Parents in Pakistan prepare for mass burial of children

Pakistan woke up to a day of mourning on Wednesday after Taliban militants killed 132 students at a school in the city of Peshawar on Tuesday in a grisly attack, which shocked the nation and put pressure on the government to do more to tackle the insurgency.

People around the country lit candles and staged overnight vigils as parents prepared to bury their children during mass funerals in and around Peshawar – a big, volatile city on the edge of Pakistan’s lawless tribal belt.

Pakistanis may be used to almost daily militant attacks against the security forces but an outright assault on children stunned the country, prompting commentators to call for a tough military response.

In Peshawar, the vast grounds of the military-run Army Public School were all but deserted, with a handful of snipers manning the roofs of its pink brick-and-stone buildings.

Army vehicles and soldiers wearing face masks and carrying automatic rifles were deployed by the entrance.


Details of attacks
A day after the attack, Peshawar appeared subdued and many were still in shock, recalling the gruesome events and trying to soothe each other. More details of the well-organised attack emerged as witnesses came forward with their stories.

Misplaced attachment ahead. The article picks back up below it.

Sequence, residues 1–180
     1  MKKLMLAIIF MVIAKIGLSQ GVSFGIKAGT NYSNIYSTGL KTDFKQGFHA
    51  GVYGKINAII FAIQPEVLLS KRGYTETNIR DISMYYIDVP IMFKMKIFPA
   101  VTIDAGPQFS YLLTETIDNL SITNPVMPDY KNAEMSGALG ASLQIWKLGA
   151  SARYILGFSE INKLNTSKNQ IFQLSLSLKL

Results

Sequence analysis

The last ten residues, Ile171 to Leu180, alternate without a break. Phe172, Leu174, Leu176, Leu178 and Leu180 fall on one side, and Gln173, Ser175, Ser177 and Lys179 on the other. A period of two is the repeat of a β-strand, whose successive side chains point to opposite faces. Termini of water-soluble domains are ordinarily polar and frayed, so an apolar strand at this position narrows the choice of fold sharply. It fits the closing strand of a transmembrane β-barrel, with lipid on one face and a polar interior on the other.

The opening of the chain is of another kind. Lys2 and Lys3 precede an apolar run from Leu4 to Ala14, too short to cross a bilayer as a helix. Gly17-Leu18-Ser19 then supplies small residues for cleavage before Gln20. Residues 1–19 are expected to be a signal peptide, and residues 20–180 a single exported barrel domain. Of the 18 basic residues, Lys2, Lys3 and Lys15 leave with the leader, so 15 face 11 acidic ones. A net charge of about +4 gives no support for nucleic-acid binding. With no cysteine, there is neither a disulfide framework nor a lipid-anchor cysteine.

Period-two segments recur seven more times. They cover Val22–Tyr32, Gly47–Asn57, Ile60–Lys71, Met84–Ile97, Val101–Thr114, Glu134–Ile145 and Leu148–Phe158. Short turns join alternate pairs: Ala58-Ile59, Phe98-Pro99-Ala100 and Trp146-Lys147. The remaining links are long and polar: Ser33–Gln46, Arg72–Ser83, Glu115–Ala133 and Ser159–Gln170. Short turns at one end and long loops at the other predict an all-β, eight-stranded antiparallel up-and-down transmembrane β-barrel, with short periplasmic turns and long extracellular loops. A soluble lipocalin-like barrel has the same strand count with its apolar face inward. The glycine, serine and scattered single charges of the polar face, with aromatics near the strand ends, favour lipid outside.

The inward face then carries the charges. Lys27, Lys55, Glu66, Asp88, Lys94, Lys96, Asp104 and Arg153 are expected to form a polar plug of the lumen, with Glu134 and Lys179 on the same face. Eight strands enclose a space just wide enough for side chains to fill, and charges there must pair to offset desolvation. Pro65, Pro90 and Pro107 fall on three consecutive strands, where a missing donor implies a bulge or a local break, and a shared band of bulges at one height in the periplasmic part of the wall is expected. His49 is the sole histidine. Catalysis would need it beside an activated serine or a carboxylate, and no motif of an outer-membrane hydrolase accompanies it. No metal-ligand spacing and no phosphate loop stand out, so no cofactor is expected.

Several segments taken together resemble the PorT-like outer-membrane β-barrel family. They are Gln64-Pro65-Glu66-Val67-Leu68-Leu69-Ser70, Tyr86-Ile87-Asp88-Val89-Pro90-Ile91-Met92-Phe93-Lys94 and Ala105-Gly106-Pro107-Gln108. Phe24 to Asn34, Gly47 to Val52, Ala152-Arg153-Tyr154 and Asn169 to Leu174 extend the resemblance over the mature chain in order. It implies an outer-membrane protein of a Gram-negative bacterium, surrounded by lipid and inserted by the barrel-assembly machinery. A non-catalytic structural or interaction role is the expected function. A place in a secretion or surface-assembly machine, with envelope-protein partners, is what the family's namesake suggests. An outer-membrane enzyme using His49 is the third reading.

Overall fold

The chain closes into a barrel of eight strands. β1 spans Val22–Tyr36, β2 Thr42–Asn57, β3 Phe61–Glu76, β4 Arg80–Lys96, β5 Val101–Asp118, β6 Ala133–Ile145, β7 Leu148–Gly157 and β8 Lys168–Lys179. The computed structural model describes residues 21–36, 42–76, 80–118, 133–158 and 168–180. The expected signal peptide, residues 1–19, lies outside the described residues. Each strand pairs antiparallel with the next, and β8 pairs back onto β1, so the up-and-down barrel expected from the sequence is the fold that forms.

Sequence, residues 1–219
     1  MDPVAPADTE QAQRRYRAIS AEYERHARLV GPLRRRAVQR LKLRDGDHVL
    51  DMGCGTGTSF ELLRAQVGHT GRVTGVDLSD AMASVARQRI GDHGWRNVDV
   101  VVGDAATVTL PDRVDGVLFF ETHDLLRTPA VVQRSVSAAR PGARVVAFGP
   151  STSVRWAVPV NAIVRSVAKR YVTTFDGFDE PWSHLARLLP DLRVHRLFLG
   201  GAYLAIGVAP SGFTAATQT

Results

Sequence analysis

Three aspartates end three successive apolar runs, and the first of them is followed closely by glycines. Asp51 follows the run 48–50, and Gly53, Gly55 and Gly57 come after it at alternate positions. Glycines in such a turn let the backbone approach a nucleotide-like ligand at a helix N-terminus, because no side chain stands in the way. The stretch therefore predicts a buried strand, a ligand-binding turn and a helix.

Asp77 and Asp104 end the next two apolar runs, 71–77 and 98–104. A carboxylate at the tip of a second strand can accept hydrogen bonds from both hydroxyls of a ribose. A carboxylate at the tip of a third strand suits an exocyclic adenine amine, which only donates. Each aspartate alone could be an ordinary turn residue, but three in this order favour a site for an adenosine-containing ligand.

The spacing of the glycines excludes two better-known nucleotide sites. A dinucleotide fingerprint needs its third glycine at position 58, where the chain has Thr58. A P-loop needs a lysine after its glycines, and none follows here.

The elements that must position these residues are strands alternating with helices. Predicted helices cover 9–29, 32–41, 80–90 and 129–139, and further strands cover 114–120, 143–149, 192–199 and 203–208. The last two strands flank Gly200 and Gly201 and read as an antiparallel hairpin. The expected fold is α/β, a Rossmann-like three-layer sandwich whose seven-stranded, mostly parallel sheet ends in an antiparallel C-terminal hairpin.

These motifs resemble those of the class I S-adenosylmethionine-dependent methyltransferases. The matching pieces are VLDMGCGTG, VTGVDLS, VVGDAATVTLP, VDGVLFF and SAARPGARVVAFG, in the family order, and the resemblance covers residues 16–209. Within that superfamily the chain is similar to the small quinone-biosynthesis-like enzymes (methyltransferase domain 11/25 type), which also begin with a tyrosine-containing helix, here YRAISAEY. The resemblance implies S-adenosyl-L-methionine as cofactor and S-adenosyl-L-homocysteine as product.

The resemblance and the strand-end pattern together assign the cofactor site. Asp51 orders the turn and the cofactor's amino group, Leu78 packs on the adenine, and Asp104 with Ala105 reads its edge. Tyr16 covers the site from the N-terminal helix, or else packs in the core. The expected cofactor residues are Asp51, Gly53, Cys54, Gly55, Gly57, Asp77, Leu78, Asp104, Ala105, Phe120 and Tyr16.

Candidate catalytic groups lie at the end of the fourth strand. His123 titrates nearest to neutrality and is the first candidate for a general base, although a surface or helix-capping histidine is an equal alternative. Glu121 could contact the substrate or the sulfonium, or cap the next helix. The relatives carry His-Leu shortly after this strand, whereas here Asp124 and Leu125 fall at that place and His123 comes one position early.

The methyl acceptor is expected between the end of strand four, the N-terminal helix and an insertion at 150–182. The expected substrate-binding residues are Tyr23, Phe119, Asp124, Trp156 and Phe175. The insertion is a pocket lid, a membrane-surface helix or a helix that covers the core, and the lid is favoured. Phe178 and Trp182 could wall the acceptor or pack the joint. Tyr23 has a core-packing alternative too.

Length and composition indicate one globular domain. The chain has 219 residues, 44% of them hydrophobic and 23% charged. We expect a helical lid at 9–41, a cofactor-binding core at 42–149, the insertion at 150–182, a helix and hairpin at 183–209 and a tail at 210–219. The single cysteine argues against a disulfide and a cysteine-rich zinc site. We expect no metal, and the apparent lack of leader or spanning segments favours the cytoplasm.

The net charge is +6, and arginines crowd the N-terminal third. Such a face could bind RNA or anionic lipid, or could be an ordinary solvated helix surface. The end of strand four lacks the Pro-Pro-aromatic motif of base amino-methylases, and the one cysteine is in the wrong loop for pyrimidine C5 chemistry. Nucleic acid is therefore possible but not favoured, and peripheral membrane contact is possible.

“The attackers came around 10.30am on a pick-up van,” said Issam Uddin, a 25-year-old school bus driver.

“They drove it around the back of the school and set it on fire to block the way. Then they went to Gate 1 and killed a soldier, a gatekeeper and a gardener. Firing began and the first suicide attack took place.”

The government of Prime Minister Nawaz Sharif has announced a three-day mourning period, but people’s anxiety focused on what the authorities can do to protect the country.

Sharif came to power last year promising to negotiate peace with the Pakistani Taliban – but those efforts failed this year, weakening his position and prompting the army to launch an air-and-ground operation against insurgents along the Afghan border.

The military staged more air strikes against Taliban positions there late on Tuesday, a security source said, but it was unclear whether it was done in response to the school attack.

Good and bad Taliban
Yet, despite the well-publicised crackdown, the military has long been accused of being too lenient towards Islamist militants who critics say are used to carry out the army’s bidding in places like the disputed Kashmir region and Afghanistan.